Beth Fertig is WNYC’s Contributing Editor for Education. She previously covered politics, which included City Hall during the Giuliani administration, and the U.S. Senate campaigns of Charles Schumer and Hillary Clinton. She also covered transportation and infrastructure.
Explainer: How City Teachers Are Punished
Friday, April 13, 2012 - 12:00 AM
The recent outcry over the arrests of several New York City teachers accused of sexual misconduct has left many parents wondering how teachers are disciplined and whether too many were allowed to keep their jobs even after complaints are lodged.
A review by Schools Chancellor Dennis Walcott of previous complaints found 16 cases in which the city tried to remove teachers for inappropriate remarks or actions, but all of those teachers were allowed to return to the classroom after arbitration. Two have since been removed pending new investigations.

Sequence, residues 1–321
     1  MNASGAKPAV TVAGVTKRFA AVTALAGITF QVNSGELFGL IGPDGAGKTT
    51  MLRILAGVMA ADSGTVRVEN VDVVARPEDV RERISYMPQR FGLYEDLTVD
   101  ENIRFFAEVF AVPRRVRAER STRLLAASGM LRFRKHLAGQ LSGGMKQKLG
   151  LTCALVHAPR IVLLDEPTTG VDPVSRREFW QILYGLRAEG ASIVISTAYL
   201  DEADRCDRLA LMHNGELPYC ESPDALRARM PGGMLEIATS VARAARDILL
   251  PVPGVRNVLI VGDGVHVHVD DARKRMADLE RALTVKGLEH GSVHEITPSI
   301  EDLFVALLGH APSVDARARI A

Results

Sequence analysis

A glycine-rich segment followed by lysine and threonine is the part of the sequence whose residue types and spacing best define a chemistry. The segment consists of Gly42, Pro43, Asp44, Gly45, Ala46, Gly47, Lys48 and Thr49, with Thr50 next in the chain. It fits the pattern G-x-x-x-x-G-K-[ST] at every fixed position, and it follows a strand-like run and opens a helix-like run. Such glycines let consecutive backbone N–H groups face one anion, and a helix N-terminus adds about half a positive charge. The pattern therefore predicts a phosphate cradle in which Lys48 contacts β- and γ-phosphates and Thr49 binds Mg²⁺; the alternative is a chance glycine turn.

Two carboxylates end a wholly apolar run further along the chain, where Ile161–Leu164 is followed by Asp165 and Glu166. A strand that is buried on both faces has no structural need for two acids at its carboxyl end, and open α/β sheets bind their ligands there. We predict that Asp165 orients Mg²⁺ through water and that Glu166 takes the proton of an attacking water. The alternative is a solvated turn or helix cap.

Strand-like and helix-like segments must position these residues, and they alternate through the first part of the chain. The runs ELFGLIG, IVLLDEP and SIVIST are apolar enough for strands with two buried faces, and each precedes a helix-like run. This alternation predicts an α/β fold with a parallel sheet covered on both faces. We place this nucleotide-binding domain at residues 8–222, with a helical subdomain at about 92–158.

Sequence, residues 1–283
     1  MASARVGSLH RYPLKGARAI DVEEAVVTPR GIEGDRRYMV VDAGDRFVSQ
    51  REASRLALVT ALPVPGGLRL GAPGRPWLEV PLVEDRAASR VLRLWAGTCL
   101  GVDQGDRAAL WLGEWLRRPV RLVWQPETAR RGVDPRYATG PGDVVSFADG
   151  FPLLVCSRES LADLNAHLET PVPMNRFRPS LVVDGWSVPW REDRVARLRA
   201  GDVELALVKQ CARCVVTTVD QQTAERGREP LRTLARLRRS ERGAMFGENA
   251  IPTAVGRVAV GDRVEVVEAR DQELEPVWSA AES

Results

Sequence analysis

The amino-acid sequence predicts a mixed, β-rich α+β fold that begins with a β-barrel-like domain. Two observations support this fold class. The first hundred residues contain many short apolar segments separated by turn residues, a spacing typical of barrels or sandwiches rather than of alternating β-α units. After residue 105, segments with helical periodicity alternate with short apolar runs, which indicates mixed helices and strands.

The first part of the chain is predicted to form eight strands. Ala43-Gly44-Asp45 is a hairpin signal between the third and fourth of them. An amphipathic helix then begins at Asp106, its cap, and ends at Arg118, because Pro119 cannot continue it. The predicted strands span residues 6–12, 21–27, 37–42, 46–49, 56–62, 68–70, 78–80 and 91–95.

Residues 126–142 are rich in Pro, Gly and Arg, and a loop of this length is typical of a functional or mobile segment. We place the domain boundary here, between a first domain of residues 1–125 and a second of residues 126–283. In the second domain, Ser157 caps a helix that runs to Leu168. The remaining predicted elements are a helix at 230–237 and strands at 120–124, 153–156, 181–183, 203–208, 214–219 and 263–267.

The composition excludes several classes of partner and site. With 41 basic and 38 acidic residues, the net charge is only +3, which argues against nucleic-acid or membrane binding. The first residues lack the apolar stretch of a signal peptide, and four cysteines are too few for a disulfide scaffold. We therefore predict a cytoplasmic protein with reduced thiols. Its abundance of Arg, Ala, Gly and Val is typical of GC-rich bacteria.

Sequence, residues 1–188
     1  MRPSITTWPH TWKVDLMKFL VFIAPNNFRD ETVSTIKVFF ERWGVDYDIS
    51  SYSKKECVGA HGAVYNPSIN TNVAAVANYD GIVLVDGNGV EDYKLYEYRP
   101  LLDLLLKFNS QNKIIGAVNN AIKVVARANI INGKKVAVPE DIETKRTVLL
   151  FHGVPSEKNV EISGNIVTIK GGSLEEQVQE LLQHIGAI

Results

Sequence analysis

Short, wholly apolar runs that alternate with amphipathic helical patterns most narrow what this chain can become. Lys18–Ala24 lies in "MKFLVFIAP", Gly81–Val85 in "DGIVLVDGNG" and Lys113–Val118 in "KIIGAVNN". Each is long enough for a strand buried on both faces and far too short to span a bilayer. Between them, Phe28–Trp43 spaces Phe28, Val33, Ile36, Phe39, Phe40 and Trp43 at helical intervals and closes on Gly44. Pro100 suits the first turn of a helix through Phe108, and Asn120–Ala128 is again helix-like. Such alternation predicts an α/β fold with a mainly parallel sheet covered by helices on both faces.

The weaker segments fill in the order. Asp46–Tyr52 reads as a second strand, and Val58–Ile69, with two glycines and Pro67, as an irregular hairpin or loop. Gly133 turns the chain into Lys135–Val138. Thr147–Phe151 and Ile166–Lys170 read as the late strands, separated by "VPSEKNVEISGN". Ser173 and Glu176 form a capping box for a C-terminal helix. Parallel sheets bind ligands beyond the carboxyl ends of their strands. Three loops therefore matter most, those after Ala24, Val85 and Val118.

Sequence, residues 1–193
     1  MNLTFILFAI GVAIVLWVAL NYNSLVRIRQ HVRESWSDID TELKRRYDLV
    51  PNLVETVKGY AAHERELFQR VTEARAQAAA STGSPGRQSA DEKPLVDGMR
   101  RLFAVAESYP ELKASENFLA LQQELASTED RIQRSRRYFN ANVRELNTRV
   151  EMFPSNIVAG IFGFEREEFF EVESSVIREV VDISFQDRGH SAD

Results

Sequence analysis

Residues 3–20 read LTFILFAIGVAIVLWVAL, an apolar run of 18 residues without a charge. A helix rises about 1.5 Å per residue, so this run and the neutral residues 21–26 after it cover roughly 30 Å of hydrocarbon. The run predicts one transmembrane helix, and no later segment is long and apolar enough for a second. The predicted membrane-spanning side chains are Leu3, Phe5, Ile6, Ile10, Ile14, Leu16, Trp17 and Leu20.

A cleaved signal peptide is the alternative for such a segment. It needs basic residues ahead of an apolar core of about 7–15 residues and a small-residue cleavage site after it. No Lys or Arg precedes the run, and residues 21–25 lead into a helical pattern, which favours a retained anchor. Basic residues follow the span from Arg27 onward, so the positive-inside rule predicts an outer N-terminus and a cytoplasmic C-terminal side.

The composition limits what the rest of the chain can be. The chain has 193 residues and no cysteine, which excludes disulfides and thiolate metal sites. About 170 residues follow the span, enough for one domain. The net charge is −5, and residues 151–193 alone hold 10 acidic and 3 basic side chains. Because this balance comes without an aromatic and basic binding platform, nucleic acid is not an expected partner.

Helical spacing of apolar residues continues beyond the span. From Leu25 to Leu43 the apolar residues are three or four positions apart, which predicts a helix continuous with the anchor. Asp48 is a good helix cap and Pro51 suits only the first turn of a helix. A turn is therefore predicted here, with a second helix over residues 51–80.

Though Mayor Michael Bloomberg has complained about the current arbitration process, the union says the system has improved tremendously.
What Happens When a Teacher is Accused
Teachers accused of criminal acts are arrested by police and prosecuted by the courts. But state law gives tenured teachers accused of misconduct or incompetence the right to an impartial hearing before an arbitrator.
These 3020a hearings, named after a section of state education law, are held in city offices in the old Emigrant Bank Building on Chambers Street. There are currently 24 professional arbitrators who hear these cases.
But because they hear all kinds of other cases, too, they are limited to working five days a month on DOE misconduct cases and seven days a month on incompetence cases.
The arbitrators are appointed jointly each year by the city and the teachers union. On his weekly WOR radio show last Friday, Bloomberg suggested this process might taint them.
"Sometimes they rule with the city, sometimes they don't. Some of their rulings don't make any sense,” the mayor said. “But the theory is that they don't want to be too tough on union members 'cause then the union will never allow them to be selected."